Ottawa is the right size for Telfer’s business students to really flourish, says Brutus.
“Telfer is all about learning from experiences, and the proximity to organizations facilitates the integration of meaningful class projects, co-op placements, guest speakers’ engagement, etc.” he says.
Telfer is providing leadership to invest in the future through a new strategic plan that defines four major pillars, says Brutus.
One is to help generate and maintain wealth through, for example, teaching and research that places an emphasis on entrepreneurship, including a world-class centre that looks at family businesses.
Second is promoting a greener Canada, with respect to sustainability and environmental, social, and governance (ESG) principles, looking at issues such as how to transition from a carbon-based economy to other forms of renewable energy. For example, “we just revised our MBA program, which is based on the responsible manager, on a greener way of doing business,” Brutus says.
Third is working towards a happier Canada through an emphasis on issues such as mental health. “We have a core of researchers and psychologists who focus on how we can better understand and facilitate the well-being of people at work. We’re launching a multi-million dollar lab next semester that’s going to focus on these questions,” explains Brutus.
The fourth pillar is the promotion of a healthier Canada. Telfer’s focus on health is a very distinctive focus for a business school with more than a dozen healthcare management researchers and four programs dedicated specifically to health care management, says Brutus, who notes that the pandemic brought to the fore serious organizational, logistical and human resource issues in health care.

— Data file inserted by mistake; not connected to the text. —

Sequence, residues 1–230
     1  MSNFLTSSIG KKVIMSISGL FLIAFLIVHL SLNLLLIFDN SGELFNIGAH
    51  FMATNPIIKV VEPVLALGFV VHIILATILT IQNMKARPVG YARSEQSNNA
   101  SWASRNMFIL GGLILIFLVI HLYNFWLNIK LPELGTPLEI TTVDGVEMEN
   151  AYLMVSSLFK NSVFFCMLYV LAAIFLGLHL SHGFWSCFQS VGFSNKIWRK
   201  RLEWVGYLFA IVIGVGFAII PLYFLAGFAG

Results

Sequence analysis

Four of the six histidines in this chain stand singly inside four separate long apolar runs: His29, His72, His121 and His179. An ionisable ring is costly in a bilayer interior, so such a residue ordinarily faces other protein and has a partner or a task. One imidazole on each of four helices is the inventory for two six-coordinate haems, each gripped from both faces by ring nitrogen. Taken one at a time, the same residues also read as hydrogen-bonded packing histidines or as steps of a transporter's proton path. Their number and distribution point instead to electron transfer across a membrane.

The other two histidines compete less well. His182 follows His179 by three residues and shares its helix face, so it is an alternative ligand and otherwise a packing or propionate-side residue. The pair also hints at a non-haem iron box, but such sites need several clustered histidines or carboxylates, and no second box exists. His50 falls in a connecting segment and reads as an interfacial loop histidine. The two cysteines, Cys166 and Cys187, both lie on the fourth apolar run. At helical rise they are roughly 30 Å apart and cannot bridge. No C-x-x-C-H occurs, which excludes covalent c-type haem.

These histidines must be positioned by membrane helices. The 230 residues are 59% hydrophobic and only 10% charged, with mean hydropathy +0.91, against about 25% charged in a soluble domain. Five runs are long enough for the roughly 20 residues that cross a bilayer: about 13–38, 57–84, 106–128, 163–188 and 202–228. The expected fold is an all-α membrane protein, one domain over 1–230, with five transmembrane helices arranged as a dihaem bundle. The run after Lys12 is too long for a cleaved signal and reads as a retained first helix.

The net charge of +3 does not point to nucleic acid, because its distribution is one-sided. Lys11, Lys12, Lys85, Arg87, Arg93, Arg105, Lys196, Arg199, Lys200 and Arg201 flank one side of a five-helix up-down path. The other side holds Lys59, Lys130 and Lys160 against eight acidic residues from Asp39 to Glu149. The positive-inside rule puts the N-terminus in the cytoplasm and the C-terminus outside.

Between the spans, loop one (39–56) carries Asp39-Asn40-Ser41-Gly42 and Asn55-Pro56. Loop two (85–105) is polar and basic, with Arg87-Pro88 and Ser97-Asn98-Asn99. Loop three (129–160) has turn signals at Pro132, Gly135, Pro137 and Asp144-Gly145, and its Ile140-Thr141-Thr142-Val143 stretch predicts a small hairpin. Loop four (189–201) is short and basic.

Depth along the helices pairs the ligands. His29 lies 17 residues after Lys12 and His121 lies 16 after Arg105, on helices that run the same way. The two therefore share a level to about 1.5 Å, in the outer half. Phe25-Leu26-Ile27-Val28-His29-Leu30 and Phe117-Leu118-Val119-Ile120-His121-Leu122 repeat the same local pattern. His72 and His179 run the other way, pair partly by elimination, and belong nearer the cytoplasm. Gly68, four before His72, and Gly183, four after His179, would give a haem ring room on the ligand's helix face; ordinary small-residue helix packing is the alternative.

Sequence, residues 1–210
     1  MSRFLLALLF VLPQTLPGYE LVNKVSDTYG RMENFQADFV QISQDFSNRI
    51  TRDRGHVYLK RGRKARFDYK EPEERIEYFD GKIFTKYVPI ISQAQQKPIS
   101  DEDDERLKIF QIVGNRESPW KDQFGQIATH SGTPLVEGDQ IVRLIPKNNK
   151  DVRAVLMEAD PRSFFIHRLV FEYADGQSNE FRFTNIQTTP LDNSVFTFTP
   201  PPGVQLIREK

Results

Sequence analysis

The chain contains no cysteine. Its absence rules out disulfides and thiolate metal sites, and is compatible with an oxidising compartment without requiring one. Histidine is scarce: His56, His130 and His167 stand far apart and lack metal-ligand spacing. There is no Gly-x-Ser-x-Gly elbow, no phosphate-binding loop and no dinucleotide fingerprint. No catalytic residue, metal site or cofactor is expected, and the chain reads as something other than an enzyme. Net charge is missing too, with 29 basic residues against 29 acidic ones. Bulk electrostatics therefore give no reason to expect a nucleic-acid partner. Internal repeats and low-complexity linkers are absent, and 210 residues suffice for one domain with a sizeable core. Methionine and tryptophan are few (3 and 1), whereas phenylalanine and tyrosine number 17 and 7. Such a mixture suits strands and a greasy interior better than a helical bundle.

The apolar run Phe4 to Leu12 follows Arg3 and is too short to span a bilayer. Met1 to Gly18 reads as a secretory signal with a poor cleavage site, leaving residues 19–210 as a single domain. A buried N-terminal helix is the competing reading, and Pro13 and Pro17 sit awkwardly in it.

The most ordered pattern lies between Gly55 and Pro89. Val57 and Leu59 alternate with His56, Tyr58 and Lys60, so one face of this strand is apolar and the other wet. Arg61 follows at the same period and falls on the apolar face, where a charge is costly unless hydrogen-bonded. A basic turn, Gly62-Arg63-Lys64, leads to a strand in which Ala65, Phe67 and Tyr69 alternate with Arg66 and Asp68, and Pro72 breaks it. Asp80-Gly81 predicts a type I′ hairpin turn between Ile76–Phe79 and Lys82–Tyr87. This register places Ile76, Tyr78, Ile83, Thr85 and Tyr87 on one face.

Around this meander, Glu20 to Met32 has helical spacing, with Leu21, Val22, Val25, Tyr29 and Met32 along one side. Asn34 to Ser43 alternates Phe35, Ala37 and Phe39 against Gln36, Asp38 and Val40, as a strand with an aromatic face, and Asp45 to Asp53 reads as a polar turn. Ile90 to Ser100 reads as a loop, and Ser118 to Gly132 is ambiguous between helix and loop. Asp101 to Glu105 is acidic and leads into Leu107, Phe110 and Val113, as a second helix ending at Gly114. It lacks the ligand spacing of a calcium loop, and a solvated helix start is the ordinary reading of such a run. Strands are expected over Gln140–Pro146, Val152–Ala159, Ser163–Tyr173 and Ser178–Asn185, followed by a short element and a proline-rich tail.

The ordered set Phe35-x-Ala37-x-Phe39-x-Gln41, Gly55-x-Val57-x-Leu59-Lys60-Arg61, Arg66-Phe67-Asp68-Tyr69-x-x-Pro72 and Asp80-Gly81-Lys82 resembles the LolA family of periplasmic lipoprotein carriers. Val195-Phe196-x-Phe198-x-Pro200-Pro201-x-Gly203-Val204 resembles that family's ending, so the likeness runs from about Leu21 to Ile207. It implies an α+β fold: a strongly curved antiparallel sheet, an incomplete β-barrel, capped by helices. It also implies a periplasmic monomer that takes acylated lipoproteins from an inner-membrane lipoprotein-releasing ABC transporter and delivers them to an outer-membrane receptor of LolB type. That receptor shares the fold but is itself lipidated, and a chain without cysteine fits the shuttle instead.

More than ever, these issues highlight the importance of sound and innovative management in this industry, he stresses.
Ambitious goals require quality leadership
As Ottawa continues to grow and enhance its reputation as a world-class city, the quality of its leadership will assume even greater importance.
Brutus notes the ambitious goals on tap for the revitalization of downtown Ottawa in the near future, including the new Civic Campus of the Ottawa Hospital, the University of Ottawa’s Advanced Medical Research Centre, the new Lansdowne 2.0 development, and expansion of light rail transit.
“The city is on the move with very aggressive plans. The challenge for leadership is how to manage that growth. How do you reinvent the city for its next big phase of development, knowing that the projection for Ottawa is one of exponential growth?” he says.